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Here at Greatist, we believe in taking a day off. Instead of our regular programming Saturdays, our writers get a chance to write about living the greatist lifestyle and, basically, whatever they want. This is one of those awesome articles. Enjoy!
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It’s pretty amazing how our bodies will adjust to basically anything we want them to do, so long as we give them some time to learn, and some time to rest. As a pretty impatient person when it comes to training and staying fit, I’ve always struggled with the “time,” “learn,” and “rest” parts of that statement. Maybe due to the coaches I had growing up, I’ve always had that high-intensity, no-pain-no-gain style of self-motivation. It can come in handy, but without knowing how to channel and control it, that type of motivation isn’t sustainable. I’ve let mine run rampant for a long time, and one day I’m going to run out of youth. The nagging, crazy voice in my head that gets me going also brings me down sometimes. I’ll let that voice start off a story about irrational approaches to new challenges, which ends with me spending about half of summer 2011 limping around like Cap Rooney in Any Given Sunday.

I don't train easy. I train tough. Real tough. I try to lose my breath and never find it. I try to suffer; I try to fail. If my iPod dies during a session, yeah I throw a little tantrum or whatever, but then I just sing quietly and keep at it. If the woman on the treadmill next to me is giggling, watching Friends, I reach over and turn the TV off. She's not focused enough. She’ll thank me when she reaches a goal.

A few years back, I was in college: laughing, smiling, eating hamburgers like I deserved it. Plus I was slacking on the training. It was unacceptable. It was time to hit reset. That’s when I picked up distance running. It was perfect: I couldn’t do it. It was suffering, it was new. I was game.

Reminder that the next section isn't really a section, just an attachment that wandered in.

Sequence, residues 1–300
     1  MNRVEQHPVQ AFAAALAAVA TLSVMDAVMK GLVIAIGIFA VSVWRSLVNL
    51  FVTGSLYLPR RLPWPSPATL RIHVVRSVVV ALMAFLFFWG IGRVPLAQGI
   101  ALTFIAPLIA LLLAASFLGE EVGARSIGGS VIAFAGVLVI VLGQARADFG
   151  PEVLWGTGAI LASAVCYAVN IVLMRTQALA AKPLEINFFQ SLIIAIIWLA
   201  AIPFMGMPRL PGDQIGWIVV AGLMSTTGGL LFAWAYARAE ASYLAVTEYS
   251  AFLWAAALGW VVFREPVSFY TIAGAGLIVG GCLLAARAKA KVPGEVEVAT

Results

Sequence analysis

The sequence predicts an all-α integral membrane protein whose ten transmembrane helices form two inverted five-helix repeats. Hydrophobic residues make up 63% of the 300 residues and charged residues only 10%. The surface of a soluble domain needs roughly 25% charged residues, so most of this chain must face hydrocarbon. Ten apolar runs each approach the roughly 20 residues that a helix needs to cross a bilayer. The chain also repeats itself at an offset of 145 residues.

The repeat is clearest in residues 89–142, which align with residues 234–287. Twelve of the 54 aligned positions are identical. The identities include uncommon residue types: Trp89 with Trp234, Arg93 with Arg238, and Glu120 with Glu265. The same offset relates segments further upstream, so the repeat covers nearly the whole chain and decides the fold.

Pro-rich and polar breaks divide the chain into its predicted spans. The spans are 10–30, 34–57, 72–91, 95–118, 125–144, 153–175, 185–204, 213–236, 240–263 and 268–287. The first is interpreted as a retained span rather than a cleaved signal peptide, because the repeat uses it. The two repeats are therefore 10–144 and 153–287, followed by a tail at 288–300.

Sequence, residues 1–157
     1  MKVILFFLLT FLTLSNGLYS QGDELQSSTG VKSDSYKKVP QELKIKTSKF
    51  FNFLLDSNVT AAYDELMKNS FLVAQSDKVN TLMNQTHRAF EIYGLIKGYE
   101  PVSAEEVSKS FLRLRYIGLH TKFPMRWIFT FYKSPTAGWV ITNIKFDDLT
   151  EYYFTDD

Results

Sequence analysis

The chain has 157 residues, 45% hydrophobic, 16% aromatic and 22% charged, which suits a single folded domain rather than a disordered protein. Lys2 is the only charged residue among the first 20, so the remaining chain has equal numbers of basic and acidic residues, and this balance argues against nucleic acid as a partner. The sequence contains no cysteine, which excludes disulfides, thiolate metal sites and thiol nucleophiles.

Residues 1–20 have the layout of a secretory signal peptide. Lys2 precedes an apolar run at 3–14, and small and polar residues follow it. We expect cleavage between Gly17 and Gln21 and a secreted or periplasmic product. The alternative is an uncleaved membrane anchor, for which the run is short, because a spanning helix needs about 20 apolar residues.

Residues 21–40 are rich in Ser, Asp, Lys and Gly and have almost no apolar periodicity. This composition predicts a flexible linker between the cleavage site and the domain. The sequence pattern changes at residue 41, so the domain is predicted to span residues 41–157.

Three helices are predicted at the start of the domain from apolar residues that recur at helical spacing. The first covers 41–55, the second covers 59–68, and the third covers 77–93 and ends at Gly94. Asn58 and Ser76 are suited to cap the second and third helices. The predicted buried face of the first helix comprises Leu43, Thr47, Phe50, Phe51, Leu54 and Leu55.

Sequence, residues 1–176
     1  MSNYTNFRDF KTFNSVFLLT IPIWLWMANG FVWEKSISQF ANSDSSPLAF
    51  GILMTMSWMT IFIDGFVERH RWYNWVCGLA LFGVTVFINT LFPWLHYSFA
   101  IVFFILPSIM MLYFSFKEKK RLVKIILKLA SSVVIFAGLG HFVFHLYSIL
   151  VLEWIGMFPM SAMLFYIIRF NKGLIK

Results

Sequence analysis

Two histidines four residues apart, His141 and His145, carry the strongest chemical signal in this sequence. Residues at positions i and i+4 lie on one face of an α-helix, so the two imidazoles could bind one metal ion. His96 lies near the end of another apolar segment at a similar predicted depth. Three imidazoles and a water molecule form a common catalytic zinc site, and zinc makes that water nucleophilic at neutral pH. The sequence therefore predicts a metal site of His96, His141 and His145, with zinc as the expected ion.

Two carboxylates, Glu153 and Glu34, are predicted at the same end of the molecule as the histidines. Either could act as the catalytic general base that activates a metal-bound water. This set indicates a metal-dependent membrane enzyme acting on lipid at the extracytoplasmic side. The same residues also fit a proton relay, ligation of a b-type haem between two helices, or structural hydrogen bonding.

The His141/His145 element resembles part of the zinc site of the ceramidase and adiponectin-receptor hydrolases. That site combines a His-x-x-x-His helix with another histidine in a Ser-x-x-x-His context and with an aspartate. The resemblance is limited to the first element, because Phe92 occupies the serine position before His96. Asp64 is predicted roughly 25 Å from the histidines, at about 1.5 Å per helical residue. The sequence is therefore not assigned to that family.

I didn’t read about it; I just started running. “5 miles? I can’t run that far. So… I’ll run that far.” I’d run 2.5 miles away, no watch or money on me, so I’d have to run back (what’s walking?). I got better at it, I got stronger, and I started running races.

Fast forward to 2011. Still running races— I eat 5 miles, its snacks—but I’m worse at other stuff. I’m slow, no quickness. Can’t explode, can’t attack. Again, unacceptable. Time to reset. Time to build speed. 

I woke up to that voice on a Sunday in July, during the NYC heat wave. I had a spoonful of peanut butter, chugged some water, and bolted out the door into the 100+ degree weather (it was like noon). Still half asleep, I was jetting down the West Side Highway running path, thinking about nothing other than getting faster.

Not ten minutes later, I was a warrior on the battlefield (more like the Chelsea Piers mini-soccer field near Chambers St). I scoped out the scene, and designed my new challenge on the spot:

A dead sprint, goal to goal, 20 times. Between sets, walk back, do some pushups, try to look cool. And what’s this “stretching” I hear about? Oh… I had no idea. Sounds boring. Skipped.

I stepped to the line, threw on a song, and went for it. I ran as hard as I could, walked back, and did it again. After two sets, I still didn’t feel like Willie Beamen— like I had the invisible juice— so I got mad. But I stuck with it. By 13 sprints, I basically felt like a hero.

Hey, you’re a hero. See that corporate softball game going on right over there? Zero heroes.

Halfway through #14, I was fully primal, yelling loudly, until I felt a pop. At first, I thought somebody heaved a softball at the back of my leg for what the little voice said. But I quickly realized that the pop was my hamstring calling it quits. I faceplanted, knowing it was bad (more like a bad pull, but stick to the story). My leg was done. I couldn’t get up. I was alone and stranded. I looked up into the white light, dehydrated and afraid, thinking of hamburgers, when I heard a voice…

Time to reset. What’s the fastest I can hobble home?     

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